In recent months, inflation expectations have risen in both India and developed markets and its impact has been felt on bond yields globally, despite central bank QE (quantitative easing). Since then, a new narrative has settled among some bulls in the market. This new narrative is that the long-term correlation between bond yields and stocks is positive, and therefore is not a cause for alarm for equity investors. If expectations of better growth push inflation up and result in higher yields, that reflects optimism about the economy and stocks should perform well in such a scenario, they argue. Is there any data to support these claims? Is the increase in bond yield really good or bad for stocks?
When the movement of bond yields in any direction is used to justify the rise in stocks, then you need to be wary. Since the launch of monetary stimulus last year around the world by central banks and the crash in bond and deposit rates, the narrative that has been used to justify a bullish argument for equities (which has grown played since the March 2020 lows) was an alternative to stocks. Therefore, when bond yields actually start to rise as they have since the start of this year, an alternative to equities is emerging. So the bulls in the market have now shifted the narrative to why rising bond yields this time around are positive for stocks because, in their view, bond yields are rising in anticipation of better economic growth. Well actually, by that logic, bond yields fell last year in anticipation of a recession, so ideally that should have been negative for stocks, right? Logic is the victim when goal posts are changed.
Economic theory vs reality
Theoretically, the rise in bond yields is negative for equities. This is for four reasons.
First, increasing yields will increase borrowing costs and have a negative impact on corporate profits and the savings of individuals who are in debt.
Second, the increase in bond yields depends on inflation expectations and inflation erodes the value of savings. A lower value of savings implies a decrease in purchasing power, which will affect the demand of companies.
Third, the increase in bond yields makes them relatively more attractive as an investment option; and fourth, higher returns reduce the value of the net present value of the expected future profits of companies. NPV is used to discount estimates of future company earnings to determine the fundamental value of a stock. The discount rate rises when bond yields rise, reducing the NPV and fundamental value of the stock.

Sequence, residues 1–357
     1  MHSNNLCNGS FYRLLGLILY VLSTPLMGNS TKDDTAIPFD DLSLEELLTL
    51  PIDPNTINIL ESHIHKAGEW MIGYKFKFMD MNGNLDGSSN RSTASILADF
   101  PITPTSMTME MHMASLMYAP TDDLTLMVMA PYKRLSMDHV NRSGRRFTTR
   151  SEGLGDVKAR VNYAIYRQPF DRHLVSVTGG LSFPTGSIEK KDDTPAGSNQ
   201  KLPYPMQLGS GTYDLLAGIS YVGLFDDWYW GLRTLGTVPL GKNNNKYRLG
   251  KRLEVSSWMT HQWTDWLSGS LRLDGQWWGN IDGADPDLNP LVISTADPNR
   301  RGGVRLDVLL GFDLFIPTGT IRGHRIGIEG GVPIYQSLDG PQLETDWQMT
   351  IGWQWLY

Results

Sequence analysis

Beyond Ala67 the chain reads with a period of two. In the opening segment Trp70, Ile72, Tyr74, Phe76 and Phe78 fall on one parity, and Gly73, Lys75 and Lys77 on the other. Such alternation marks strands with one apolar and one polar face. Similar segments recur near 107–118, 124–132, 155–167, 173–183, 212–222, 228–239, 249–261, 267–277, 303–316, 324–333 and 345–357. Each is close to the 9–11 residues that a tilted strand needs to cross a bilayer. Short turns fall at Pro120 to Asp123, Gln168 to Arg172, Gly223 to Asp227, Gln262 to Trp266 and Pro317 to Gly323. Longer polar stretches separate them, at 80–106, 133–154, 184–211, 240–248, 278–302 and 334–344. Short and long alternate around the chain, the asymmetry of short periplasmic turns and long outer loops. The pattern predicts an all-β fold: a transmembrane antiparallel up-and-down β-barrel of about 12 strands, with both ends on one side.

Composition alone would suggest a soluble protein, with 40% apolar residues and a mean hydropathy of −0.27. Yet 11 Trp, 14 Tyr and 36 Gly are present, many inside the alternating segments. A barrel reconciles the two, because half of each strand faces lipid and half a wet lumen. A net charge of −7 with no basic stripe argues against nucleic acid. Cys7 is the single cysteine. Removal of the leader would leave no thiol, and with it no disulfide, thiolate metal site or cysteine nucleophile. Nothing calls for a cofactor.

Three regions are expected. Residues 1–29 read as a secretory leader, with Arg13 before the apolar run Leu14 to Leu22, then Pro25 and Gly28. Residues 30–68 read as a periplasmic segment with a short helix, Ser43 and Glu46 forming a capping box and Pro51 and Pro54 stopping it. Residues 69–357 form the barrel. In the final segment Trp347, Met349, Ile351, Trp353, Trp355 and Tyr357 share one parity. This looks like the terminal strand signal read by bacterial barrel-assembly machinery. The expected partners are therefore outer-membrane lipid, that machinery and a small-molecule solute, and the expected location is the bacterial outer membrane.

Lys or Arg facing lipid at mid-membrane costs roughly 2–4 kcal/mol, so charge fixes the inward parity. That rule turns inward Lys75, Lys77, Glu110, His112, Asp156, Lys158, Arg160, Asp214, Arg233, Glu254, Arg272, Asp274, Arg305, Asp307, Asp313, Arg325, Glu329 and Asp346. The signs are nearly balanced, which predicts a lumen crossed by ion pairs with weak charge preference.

What does the reality and the data tell us? Well, it depends on when you limit or extend the scan (see table). For example, if you limit the analysis to when India experienced its best bull market and rising bond yields (2004-07), the correlation between the 10-year G-Sec yield and Nifty 50 (based on Bloomberg’s quarterly data) was 0.78. However, if you widen your horizon and compare for the 20 year period from early 2001 to now, the correlation is negative 0.15. The correlation for the past 10 years is also negative at 0.75.
In the table, we have taken 4-year periods since 2000 and analyzed the correlation, assuming investors have a 3-5 year horizon. The correlation is not strong for any period except 2004-07. It seems unlikely that we are currently witnessing the kind of economic boom of this period. It was one of the best periods in the global economy since World War II, driven by Chinese spending and the US housing boom compared to current growth driven by monetary and fiscal stimulus, whose sustainability is being challenged. in doubt in the absence of stimuli. That aside, Nifty 50 was then trading at the lower end of its historic valuation range from its highest levels to date. Inflationary pressures are also higher now. Against this backdrop, the case for a strong positive correlation between equities and bond yields is weak.
What it means for you
This implies that the data is inconclusive and that claims that bond yields and stocks are positively correlated cannot be used as the basis for investment decisions. At best, one can analyze sectors and stocks and invest in those that may have a clear path to better profitability when interest rates rise for specific reasons. For example, a company with a stronger balance sheet can gain market share over indebted competitors; market leaders with good pricing power can gain even when inflation is on the rise.
A final point to consider is whether a market rally that was built on the premise that there is no alternative to stocks in an ultra-low interest rate environment, can make a transition without crises towards a new paradigm of higher interest rates even if this is motivated by optimism around growth. An increase in the Fed’s expectations for the first interest rate hike in two full years prompted temporary sales of emerging market stocks, bonds and currencies, until the governor’s comments from the Fed calmed the markets. This may be an indication of the fragility of the markets vis-à-vis US interest rates and yields.